4 cities striving for net zero

by Zuerita
4 cities striving for net zero

Through participation in the C40 Cities South Africa Buildings Programme, the mayors of Johannesburg, Cape Town, Durban and Tshwane will introduce high-efficiency energy performance requirements to ensure that all new buildings in these four cities are energy efficient – ultimately aspiring to make zero-carbon buildings standard practice across the country.
Representatives from ten cities across C40’s global network, including Boston, Chicago, Copenhagen, Los Angeles, Mexico City and Rio de Janeiro, have gathered in Tshwane during April to exchange best practices on building energy efficiency.

“South African cities are already seeing the effects of climate change, from the drought in Cape Town to the threat of rising seas and flooding in Durban,” says Mark Watts, executive director of C40. “Fortunately, mayors of these great cities are taking ambitious action today. Given the urgency of the climate threat, it is critical that all new buildings are constructed to the highest levels of energy performance.”

The executive mayor of Tshwane, councillor Solly Msimanga, says that citizens can expect to see major shifts in the urban landscape through the C40 Cities South Africa Buildings Programme enhancing South Africa’s Green Buildings Programme. “An accelerated uptake of all available greening criteria will be the order of the day, starting off with our very own infrastructure. It’s no coincidence that our municipal headquarters, Tshwane House, is a five-star green-rated building,” he states.

The mayor of Durban, Zandile Gumede, comments that he is committed to making eThekwini Municipality the most caring and liveable city in Africa by 2030. “Our city contains some of the world’s leading experts on energy, building regulations and green buildings, and as such we are working hard to document our further learning during this programme to share with other C40 cities around the world.”

“The City of Cape Town is one of the leading cities in South Africa and globally, in actively addressing climate change,” says the mayor of Cape Town, Patricia de Lille. “Our participation in the C40 South Africa Building Programme is a significant opportunity to enable the city to support lower carbon new build in infrastructure provision, energy-efficient building design, clean energy supply and a significantly reduced transport demand.”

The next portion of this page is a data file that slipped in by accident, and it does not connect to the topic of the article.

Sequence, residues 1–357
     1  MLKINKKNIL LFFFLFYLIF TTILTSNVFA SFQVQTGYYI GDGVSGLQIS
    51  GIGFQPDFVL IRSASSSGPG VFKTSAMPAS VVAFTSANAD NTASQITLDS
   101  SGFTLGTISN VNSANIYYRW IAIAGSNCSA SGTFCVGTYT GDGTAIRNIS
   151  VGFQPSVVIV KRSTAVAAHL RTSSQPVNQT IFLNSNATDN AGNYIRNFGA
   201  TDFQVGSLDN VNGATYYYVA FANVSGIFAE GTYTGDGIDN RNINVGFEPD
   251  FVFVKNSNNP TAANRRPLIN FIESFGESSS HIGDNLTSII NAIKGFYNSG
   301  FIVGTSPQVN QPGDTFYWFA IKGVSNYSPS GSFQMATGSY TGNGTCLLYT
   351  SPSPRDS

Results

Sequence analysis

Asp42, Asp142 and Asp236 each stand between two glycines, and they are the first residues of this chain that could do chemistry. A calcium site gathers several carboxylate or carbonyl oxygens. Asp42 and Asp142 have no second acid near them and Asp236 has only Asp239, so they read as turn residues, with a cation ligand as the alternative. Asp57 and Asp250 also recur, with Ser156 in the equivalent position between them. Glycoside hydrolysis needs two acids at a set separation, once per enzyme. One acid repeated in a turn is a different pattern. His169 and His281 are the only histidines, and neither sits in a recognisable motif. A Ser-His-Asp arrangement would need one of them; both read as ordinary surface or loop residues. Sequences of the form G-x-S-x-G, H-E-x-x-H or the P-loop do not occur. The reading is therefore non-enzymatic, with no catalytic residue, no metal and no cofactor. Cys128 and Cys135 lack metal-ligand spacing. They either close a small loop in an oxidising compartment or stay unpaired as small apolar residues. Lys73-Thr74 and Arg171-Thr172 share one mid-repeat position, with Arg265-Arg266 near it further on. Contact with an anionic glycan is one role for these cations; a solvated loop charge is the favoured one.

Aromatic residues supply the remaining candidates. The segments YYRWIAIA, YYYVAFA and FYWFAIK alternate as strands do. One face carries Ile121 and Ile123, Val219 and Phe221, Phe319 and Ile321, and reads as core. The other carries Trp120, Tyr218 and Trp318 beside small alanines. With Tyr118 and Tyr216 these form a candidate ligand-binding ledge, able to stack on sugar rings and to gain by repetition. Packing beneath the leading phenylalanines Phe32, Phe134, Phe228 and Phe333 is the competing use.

SA’s green track record
Since 2007, more than 230 buildings have been certified to the Green Star South Africa sustainable building rating system, developed and managed by the Green Building Council of South Africa. The C40 South Africa Buildings Programme, in partnership with Sustainable Energy Africa (SEA), will support cities to move sustainable, energy-efficient new building to scale.

City officials will be able to share knowledge and collaborate with cities outside of South Africa, facilitated through C40’s global networks. The C40 South Africa Buildings Programme is funded by the Children’s Investment Fund Foundation and is part of the Building Energy 2020 Programme.

Full thanks and acknowledgement are given to the C40 Cities Climate Leadership Group for the information provided to write this article.

Caption main image:
The Tshwane skyline.
Courtesy of C40 Cities

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